Flag Folding Etiquette
BLUE EAGLES HONOR GUARD PARTICIPATING 05/25/15:
MSgt Darryl Willingham
TSgt Jed Kutz
TSgt Damon Mazyck
TSgt Ruben Garcia
SrA Astin Coleman
SrA James Lamb
SrA Paige McCann
FLAG FOLDING ETIQUETTE:
"Traditional flag etiquette prescribes that before an American flag is stored or presented, its handlers should twice fold it in half lengthwise; then (from the end opposite the blue field) make a triangular fold, continuing to fold it in triangles until the other end is reached. This makes a triangular "pillow" of the flag with only the blue starred field showing on the outside, and it takes thirteen folds to produce: two lengthwise folds and eleven triangular ones.
The flag is folded this way because it provides a dignified ceremonial touch that distinguishes folding a flag from folding an ordinary object such as a bed sheet, and because it results a visually pleasing, easy-to-handle shape. This thirteen-fold procedure was a common practice long before the creation of a ceremonial assignation of "meaning" to each of the steps.
An elaborate flag folding ceremony incorporating these meanings has since been devised for special occasions such as Memorial Day and Veterans Day. These associations are "real" in the sense that they mean something to the people who participate in the ceremony.
READ BY MSGT. DARRYL WILLINGHAM DURING THE 13 FLAG FOLDS
For more than 200 years, the American flag has been the symbol of our nation’s unity, as well as a source of pride and inspiration for millions of citizens. Born on June 14, 1777, the Second Continental Congress determined that the flag of the United States be thirteen stripes, alternating between seven red and six white; and that the union be thirteen stars, white in a blue field representing a new constellation.
Between 1777 and 1960, the shape and design of the flag evolved into the flag presented before you today. The 13 horizontal stripes represent the original 13 colonies, while the stars represent the 50 states of the Union. The colors of the flag are symbolic as well; red symbolizes hardiness and valor; white signifies purity and innocence; and blue represents vigilance, perseverance and justice.
Traditionally, a symbol of liberty, the American flag has carried the message of freedom, and inspired Americans, both at home and abroad.
In 1814, Francis Scott Key was so moved at seeing the Stars and Stripes waving after the British shelling of Baltimore’s Fort McHenry that he wrote the words to The Star Spangled Banner. In 1892 the flag inspired Francis Bellamy to write the “Pledge of Allegiance,” our most famous flag salute and patriotic oath. In July 1969 the American flag was “flown” in space when Neil Armstrong planted it on the surface of the moon. Today, our flag flies on constellations of Air Force satellites that circle our globe, and on the fin flash of our aircraft in harm’s way in every corner of the world. Indeed, it flies in the heart of every Airman who serves our great Nation. The sun never sets on our US Air Force, nor on the flag we so proudly cherish.
Since 1776 no generation of Americans has been spared the responsibility of defending freedom… Today’s Airmen remain committed to preserving the freedom that others won for us, for generations to come. By displaying the flag and giving it a distinctive fold we show respect to the flag, and express our gratitude to those individuals who fought, and continue to fight for freedom, at home and abroad.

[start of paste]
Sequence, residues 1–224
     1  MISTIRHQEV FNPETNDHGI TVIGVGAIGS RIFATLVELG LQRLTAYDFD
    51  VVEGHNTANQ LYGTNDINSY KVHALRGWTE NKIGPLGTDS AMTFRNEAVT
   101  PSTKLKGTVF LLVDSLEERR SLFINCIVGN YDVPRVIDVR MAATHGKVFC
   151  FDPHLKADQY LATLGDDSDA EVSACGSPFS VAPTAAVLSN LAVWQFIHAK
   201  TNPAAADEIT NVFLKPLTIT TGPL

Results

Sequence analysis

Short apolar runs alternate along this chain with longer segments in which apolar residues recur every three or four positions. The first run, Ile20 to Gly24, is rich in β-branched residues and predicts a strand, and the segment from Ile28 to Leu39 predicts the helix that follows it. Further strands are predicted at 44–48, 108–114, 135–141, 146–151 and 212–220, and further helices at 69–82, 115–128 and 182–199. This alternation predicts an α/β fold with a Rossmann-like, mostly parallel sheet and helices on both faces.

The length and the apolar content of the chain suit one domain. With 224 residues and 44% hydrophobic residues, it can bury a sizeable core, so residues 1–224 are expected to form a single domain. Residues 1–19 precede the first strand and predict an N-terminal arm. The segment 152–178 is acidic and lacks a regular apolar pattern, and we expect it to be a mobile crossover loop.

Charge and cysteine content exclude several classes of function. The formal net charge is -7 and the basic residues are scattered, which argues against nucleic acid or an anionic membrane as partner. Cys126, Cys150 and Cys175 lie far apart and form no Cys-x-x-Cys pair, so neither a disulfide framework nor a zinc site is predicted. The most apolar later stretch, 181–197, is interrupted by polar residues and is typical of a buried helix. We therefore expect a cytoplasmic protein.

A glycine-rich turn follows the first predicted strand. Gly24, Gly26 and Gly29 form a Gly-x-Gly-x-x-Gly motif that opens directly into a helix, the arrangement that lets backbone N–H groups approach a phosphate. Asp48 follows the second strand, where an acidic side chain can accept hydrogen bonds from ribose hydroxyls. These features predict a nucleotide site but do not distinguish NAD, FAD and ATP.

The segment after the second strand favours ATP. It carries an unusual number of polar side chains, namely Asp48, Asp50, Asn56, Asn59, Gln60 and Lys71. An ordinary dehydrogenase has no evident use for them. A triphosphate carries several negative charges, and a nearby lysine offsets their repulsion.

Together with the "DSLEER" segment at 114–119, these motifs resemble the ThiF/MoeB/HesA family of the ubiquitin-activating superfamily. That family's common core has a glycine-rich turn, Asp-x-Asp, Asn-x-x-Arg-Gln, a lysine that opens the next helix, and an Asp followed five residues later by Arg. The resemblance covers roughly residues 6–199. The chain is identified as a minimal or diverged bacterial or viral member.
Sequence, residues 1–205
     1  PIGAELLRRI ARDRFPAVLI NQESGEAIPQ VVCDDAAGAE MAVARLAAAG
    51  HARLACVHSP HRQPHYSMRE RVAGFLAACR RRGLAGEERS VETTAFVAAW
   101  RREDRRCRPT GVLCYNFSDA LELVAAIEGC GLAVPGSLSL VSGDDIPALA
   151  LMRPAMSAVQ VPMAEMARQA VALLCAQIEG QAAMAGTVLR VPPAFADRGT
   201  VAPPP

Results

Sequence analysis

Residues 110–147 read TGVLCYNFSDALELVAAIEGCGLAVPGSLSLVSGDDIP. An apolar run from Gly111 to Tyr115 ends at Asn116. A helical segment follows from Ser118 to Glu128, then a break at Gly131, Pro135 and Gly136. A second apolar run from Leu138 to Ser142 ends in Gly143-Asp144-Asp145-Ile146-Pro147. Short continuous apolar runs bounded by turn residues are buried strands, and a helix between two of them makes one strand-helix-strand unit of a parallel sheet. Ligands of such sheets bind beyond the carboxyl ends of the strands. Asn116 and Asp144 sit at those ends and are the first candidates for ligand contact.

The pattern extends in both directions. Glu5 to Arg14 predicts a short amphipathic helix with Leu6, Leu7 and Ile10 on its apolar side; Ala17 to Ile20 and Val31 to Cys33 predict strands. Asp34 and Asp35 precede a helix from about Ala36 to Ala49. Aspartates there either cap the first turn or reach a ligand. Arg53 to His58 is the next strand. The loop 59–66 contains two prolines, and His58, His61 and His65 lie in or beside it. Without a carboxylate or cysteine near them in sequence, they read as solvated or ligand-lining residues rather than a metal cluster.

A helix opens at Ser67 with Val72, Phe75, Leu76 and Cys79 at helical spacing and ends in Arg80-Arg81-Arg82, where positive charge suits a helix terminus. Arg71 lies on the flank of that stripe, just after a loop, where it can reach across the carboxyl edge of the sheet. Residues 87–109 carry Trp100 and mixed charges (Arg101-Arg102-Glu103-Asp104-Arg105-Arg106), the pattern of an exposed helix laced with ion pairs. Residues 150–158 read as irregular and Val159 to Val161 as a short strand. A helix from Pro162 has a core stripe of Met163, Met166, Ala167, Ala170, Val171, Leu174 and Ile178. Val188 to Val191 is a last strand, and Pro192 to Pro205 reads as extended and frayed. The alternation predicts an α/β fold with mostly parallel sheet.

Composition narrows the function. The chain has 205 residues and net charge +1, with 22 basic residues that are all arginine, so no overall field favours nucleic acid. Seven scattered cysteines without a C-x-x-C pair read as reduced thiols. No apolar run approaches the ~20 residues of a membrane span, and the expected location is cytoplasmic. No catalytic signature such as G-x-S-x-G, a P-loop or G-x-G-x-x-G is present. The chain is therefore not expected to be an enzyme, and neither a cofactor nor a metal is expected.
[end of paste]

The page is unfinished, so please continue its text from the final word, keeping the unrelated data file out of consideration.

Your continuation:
Since the dawn of the 20th century, Airmen have proudly flown the flag in every major conflict on lands and skies around the world. It is their responsibility…our responsibility…to continue to protect and preserve the rights, privileges, and freedoms that we, as Americans, enjoy today. The United States flag represents who we are. It stands for the freedom we all share and the pride and patriotism we feel for our country. We cherish its legacy, as a beacon of hope to one and all. Long may it wave.
The next time you see a Flag ceremony honoring someone that has served our country, either in the Armed Forces or in our civilian services such as the Police Force or Fire Department, keep in mind all the important reasons behind each and every movement. They have paid the ultimate sacrifice for all of us by honoring our Flag and our Country.
THE VOLLEY SALUTE
The volley salute is a ceremonial act performed at military funerals as part of the drill and ceremony of the Honor Guard. It consists of a rifle party firing blank cartridges into the air three times. The custom originates from the European dynastic wars, where the fighting ceased so the dead and wounded could be removed. Then, three shots were fired into the air to signal that the battle could resume.
A rifle party usually has an odd number of members, from 3 to 7. The firearm used is typically a rifle. The party usually stands so that the muzzles are pointed over the casket. However if mourners are present near the grave, the party stands some distance away (often recommended at least 50 feet) so as to not deafen the attendees and minimize the disturbance. If the service is being performed indoors, the firing party stands outside the building, often near the front entrance. On the command of the NCO-in-charge, the party raises their weapons and fires three times in unison.
Modern United States military parties use M1, M14 or M16 rifles. The use of blank cartridges means the weapon's semi-automatic gas action will not function, requiring manual cycling of the next round between shots.
GET MORE INFORMATION ABOUT THE U.S. AIR FORCE, MARCH FIELD, BLUE EAGLES HONOR GUARD AT: Facebook.com/Blue-Eagles-Honor-Guard
HISTORY OF THE FLAG: http://www.usflag.org/history.html
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